--> --> Abstract: Characterization of Onlapping Reef Sequences: Dominican Republic Drilling Project, by James S. Klaus, Donald F. McNeill, Albertus Ditya, Yula Hernawati, Gregor P. Eberli, and Peter K. Swart; #90124 (2011)

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Making the Next Giant Leap in Geosciences
April 10-13, 2011, Houston, Texas, USA

Characterization of Onlapping Reef Sequences: Dominican Republic Drilling Project

James S. Klaus1; Donald F. McNeill2; Albertus Ditya2; Yula Hernawati2; Gregor P. Eberli2; Peter K. Swart2

(1) Geological Sciences, University of Miami, Coral Gables, FL.

(2) Marine Geology and Geophysics, University of Miami - RSMAS, Miami, FL.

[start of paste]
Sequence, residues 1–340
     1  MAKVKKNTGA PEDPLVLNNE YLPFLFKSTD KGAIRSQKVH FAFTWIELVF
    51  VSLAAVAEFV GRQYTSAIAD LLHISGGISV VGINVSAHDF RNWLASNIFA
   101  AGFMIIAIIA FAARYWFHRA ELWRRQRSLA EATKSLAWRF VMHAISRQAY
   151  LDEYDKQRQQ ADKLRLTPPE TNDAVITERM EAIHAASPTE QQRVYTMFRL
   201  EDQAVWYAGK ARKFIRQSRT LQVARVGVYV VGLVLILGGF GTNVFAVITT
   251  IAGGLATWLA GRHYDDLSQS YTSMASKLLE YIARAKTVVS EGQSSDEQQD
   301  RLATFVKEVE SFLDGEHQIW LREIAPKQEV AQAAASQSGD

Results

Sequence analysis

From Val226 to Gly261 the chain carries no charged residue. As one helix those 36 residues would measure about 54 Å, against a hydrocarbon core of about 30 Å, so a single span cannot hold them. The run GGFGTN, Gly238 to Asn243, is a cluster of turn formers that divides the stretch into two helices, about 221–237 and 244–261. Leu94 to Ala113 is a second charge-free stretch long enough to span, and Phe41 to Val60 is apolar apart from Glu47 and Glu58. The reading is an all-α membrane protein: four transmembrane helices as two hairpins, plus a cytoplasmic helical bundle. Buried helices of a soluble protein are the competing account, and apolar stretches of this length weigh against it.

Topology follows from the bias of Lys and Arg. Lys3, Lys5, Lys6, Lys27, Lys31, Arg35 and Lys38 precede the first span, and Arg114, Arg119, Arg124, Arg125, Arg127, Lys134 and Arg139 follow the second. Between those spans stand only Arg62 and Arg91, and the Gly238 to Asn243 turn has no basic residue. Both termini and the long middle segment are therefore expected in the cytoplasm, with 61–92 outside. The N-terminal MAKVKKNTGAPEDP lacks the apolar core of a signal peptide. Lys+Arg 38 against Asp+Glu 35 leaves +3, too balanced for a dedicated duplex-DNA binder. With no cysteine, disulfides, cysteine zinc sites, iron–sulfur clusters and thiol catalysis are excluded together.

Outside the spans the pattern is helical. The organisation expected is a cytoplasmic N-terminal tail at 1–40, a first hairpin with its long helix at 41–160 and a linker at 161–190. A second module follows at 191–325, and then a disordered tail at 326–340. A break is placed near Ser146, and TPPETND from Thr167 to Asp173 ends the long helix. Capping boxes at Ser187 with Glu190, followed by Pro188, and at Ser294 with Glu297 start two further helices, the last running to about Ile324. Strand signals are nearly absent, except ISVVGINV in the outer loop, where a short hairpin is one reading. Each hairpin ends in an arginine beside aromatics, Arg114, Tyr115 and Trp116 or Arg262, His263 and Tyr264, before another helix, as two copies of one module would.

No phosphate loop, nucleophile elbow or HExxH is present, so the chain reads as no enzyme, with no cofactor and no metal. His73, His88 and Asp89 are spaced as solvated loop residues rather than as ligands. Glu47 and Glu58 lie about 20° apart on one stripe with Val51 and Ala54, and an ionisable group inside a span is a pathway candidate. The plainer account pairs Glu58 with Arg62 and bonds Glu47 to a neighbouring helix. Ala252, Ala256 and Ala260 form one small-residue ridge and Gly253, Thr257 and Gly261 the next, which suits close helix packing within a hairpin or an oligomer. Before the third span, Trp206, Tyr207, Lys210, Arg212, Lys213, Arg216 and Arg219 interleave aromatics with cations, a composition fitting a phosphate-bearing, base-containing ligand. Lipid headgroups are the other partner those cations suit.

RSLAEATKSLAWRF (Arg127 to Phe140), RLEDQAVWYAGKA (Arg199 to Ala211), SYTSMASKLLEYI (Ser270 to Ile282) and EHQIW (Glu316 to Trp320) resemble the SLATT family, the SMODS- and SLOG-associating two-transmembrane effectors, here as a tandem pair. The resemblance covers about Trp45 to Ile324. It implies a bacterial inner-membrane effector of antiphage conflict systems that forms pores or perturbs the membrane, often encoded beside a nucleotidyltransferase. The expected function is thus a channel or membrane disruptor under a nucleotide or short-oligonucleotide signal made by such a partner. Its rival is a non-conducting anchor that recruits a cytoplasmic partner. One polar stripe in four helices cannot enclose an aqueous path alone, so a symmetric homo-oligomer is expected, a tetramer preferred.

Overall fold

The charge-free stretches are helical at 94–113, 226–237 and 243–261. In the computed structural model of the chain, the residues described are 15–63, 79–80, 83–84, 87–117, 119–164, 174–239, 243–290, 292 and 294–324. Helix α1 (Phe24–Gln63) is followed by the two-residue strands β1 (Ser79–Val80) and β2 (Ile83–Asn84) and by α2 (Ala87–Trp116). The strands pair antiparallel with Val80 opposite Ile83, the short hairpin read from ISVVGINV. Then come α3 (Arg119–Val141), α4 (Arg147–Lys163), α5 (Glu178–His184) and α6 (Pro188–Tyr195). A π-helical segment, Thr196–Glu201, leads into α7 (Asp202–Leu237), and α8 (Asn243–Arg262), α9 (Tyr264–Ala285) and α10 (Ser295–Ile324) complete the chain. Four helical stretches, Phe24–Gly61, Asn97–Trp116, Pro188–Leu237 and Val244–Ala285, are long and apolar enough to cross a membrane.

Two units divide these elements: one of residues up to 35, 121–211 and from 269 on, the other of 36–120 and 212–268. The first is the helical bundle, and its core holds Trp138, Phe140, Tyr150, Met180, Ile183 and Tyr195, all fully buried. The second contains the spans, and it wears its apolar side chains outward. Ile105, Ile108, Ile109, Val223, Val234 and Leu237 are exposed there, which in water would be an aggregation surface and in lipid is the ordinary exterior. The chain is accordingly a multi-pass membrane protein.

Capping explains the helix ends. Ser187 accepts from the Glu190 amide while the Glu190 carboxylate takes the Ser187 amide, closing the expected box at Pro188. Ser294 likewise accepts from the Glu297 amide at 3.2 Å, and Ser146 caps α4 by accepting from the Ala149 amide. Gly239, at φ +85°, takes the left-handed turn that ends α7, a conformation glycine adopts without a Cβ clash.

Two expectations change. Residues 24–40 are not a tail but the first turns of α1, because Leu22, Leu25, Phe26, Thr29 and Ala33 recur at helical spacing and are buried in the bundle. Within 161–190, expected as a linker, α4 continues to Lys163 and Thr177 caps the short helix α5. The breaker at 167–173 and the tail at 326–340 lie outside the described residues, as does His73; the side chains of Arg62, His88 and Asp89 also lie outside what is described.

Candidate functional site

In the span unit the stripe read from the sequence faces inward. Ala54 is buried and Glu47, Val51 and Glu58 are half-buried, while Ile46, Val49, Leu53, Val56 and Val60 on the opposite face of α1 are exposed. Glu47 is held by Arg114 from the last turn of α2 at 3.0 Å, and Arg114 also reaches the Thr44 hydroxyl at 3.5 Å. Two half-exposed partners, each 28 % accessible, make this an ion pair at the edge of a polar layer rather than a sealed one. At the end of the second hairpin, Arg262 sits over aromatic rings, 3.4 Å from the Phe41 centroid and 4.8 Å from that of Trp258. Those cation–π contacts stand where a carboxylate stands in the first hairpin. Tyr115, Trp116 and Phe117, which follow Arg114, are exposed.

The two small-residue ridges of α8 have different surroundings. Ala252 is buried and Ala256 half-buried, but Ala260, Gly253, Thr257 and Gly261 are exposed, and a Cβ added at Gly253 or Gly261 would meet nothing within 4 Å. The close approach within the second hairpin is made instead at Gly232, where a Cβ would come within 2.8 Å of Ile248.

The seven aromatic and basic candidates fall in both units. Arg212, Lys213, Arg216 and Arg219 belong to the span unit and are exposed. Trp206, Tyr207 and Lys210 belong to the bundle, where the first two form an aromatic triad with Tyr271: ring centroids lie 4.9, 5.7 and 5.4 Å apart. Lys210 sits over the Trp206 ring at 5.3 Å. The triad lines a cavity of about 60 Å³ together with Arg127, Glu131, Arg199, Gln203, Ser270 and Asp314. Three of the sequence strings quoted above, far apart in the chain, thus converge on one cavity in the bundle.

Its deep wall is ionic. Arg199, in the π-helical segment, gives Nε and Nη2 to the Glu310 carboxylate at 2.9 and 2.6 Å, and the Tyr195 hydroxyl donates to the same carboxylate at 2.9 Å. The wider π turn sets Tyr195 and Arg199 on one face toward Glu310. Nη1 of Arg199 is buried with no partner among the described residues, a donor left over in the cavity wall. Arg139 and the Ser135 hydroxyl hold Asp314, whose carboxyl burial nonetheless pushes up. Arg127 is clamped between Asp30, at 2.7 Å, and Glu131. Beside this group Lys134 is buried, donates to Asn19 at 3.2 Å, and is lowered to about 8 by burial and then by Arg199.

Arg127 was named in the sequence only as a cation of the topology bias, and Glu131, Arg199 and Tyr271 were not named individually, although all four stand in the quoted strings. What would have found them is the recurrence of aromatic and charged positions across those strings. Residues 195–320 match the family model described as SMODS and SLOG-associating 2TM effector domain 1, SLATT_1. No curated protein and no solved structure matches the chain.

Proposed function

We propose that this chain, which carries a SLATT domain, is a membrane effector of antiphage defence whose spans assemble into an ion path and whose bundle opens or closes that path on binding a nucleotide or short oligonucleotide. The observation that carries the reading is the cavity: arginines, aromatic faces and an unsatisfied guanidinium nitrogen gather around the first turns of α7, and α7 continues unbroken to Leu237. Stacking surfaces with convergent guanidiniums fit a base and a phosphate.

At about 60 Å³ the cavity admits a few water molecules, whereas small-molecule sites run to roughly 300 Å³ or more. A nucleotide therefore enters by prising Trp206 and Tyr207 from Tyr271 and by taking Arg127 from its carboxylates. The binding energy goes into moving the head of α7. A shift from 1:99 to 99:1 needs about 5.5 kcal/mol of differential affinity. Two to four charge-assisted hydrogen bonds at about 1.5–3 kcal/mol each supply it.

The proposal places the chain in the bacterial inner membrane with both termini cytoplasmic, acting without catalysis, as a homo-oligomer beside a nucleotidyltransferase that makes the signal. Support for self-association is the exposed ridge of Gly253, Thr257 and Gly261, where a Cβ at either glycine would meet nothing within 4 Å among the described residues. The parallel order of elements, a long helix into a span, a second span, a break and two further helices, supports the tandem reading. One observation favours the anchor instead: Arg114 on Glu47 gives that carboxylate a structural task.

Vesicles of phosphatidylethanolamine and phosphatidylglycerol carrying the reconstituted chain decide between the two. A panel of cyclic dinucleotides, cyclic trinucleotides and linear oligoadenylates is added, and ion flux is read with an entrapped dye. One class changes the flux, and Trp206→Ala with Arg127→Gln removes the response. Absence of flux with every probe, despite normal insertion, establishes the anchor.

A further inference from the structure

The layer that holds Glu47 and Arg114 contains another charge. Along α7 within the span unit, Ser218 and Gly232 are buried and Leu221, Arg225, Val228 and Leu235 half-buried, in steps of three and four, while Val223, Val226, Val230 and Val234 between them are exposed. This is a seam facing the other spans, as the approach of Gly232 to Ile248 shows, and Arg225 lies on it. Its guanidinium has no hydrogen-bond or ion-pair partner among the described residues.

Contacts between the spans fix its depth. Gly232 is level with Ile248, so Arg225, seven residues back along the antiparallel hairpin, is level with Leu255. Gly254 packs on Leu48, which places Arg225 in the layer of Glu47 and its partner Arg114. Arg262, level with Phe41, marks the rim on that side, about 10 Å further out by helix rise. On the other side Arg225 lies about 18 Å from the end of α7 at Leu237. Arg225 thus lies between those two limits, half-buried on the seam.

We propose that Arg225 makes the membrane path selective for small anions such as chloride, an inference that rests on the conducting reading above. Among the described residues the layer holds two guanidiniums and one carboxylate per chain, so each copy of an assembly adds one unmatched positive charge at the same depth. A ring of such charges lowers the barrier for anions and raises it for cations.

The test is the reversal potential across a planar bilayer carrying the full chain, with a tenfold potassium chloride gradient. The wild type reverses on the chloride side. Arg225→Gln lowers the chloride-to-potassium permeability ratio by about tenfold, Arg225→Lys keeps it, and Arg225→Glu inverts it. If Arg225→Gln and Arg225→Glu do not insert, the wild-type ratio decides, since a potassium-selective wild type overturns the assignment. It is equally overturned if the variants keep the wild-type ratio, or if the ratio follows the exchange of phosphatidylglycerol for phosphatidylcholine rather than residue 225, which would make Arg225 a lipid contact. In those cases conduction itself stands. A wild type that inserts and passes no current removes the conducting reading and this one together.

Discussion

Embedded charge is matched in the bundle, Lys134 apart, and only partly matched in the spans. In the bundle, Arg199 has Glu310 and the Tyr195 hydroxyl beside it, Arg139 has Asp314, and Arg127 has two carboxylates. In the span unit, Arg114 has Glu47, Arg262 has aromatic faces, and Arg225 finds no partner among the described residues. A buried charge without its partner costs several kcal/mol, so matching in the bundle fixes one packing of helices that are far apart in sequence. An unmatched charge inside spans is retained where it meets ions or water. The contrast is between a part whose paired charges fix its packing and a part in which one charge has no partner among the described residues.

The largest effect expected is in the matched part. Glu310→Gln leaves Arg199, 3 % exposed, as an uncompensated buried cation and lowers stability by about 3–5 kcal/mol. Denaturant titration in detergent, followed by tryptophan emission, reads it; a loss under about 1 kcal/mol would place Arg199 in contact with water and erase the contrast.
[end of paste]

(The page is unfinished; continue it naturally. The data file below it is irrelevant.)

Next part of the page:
Coral reefs present special challenges for geological and geophysical studies. Reefs are often comprised of disparate carbonate facies in unpredictable and complex three-dimensional arrangements. Furthermore, the petrophysical attributes of reefs can be highly variable at small spatial scales within facies. During high-frequency sea level cycles these challenges can become compounded by the formation of onlapping parasequences and iterative phases of diagenetic alteration. The Plio-Pleistocene reefs of the southern Dominican Republic (DR) provide a unique opportunity to study the complex three-dimensional architecture and resulting petrophysical attributes of reefs during a period of high frequency sea level oscillation and superimposed sequential diagenesis. A combination of core borings and outcrops are used to evaluate the coral-rich clinothems that form a series of onlapping parasequences. Nine new core borings, over forty outcrop cores, and numerous outcrop samples document the facies within five different depositional events ranging from the late Pliocene to Pleistocene. The uplifted southern coast of Hispaniola exposes several terraces that consist of low-angle (5-7° foreslope, ~1° topset) clinoform (sigmoidal) deposits composed of skeletal sand, coral debris, and in situ framework. Petrophysical measurements (Vp, Vs) of cylindrical miniplugs (2.5 cm in diameter) from characteristic lithologies of different depositional and diagenetic environments provide preliminary characterization of the inherent variability seen in the DR reef rocks. Vp measurements are typically above values predicted by Wyllie’s time average equation. This likely due to the pervasive micritic cementation, and increased grain-grain contacts observed in the samples analyzed to date.